SoFi Stadium Construction Worker Tests Positive for COVID-19

Jason B. Hirschhorn

LOS ANGELES -- An ironworker working on the construction site of SoFi Stadium, the future home of the Los Angeles Chargers and Los Angeles Rams, has tested positive for COVID-19, clouding the immediate future of the project.

The Herrick Corporation, one of the companies involved with the construction of SoFi Stadium, sent an email Friday night notifying those who might have come in contact with the infected ironworker, a copy of which Sports Illustrated’s ChargerReport has obtained. When reached for a statement on the positive test for COVID-19 on Saturday, The Herrick Corporation vice president Wayne Morrison told SI, "No comment."

A stay-at-home order issued by California governor Gavin Newsome on March 19 halted most business activity within the state. However, officials gave SoFi Stadium project permission to continue operation while the order remains in place. To that end, Turner AECOM Hunt, the joint venture serving as a general contractor for the stadium construction, sent all non-essential workers home and installed increased health and safety guidelines for all remaining workers.

The new protocols dictated that workers maintain at least six feet of distance from each other during rest periods and lunch breaks, forbid any group gatherings, called for deep cleaning on job sites and the installation of additional toilets and hand-washing stations, as well as other guidelines. It also stated that "if these guidelines cannot be met and a project is in tight quarters, consideration should be given to shutting the construction project down until safer conditions exist."

It remains unclear how the positive test for COVID-19 will affect SoFi Stadium's construction. Since the stay-at-home order went into effect, businesses in California not deemed essential suspended their operations. Meanwhile, the city of Los Angeles has also implemented restrictions on parks, playgrounds, hiking trails, and other public spaces in hopes of slowing the transmission of the virus. The order will expire on April 19, though the state can issue an extension.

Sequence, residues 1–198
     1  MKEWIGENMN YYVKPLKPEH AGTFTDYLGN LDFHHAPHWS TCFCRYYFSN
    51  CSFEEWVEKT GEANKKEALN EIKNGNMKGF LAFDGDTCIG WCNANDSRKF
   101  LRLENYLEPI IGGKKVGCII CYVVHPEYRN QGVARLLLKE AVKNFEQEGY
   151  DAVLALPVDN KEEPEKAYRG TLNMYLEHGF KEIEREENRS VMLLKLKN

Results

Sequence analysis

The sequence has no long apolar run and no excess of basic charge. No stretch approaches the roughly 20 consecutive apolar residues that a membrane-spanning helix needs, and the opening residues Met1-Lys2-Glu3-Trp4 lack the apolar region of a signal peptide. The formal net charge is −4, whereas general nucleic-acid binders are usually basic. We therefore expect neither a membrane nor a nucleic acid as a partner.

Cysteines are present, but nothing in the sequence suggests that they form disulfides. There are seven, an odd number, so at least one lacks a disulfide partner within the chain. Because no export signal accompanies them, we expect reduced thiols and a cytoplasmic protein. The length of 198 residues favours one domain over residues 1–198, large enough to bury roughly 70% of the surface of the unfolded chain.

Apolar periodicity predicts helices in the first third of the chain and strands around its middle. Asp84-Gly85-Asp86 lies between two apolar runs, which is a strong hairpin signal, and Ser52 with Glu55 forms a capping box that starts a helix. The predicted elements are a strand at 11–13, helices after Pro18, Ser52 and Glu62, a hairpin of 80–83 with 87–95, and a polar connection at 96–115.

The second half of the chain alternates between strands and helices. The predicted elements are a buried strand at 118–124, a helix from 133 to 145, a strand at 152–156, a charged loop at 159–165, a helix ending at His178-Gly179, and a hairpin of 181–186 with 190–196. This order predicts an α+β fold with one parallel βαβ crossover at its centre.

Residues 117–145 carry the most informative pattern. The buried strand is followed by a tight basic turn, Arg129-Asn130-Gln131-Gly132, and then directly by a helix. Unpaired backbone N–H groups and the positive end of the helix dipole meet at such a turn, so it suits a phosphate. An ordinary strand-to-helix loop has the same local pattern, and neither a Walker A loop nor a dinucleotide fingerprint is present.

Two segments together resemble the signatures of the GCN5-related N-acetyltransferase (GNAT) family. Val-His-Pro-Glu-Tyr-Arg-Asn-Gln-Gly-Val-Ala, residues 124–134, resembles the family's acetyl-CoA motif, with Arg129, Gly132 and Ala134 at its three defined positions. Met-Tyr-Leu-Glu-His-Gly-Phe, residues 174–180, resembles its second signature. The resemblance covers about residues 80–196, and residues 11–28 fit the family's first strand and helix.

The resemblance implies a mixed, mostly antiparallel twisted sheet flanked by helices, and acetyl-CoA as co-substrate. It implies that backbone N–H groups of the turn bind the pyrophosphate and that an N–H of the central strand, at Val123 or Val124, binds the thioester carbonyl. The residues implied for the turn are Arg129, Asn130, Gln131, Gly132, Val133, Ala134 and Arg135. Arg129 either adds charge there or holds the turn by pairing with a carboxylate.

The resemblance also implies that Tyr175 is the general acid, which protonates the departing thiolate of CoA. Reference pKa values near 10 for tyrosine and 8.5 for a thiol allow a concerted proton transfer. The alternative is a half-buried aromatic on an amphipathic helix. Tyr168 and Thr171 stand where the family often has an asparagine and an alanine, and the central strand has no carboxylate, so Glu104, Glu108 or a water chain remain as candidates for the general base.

The state of California can, at its discretion, halt the construction of SoFi Stadium while the order remains in place. Likewise, the stadium project can opt to shut down until it can ensure the safety of its workers. Whether either chooses to do so in light of the positive COVID-19 test remains to be seen.

If delays hit the project, they could potentially prevent SoFi Stadium from opening in time to host home games for the Chargers and Rams during the upcoming NFL season. Already, construction issues related to weather pushed the stadium's debut a year from its original 2019 target date. 

The NFL, Chargers, and Rams have not commented on their contingency plans should the facility not open in 2020. The Chargers have spent the past three seasons at Dignity Health Sports Park, a 27,000-seat soccer stadium located in the suburban city of Carson, while the Rams have played at the Los Angeles Memorial Coliseum.

Even if SoFi Stadium does not open later this year, an NFL official told SI that the stadium would still host Super Bowl LVI, which is scheduled for February 2022, despite the league's policy on new venues playing two full seasons before holding the game.

-- Jason B. Hirschhorn is an award-winning sports journalist and Pro Football Writers of America member. Follow him on Twitter: @by_JBH

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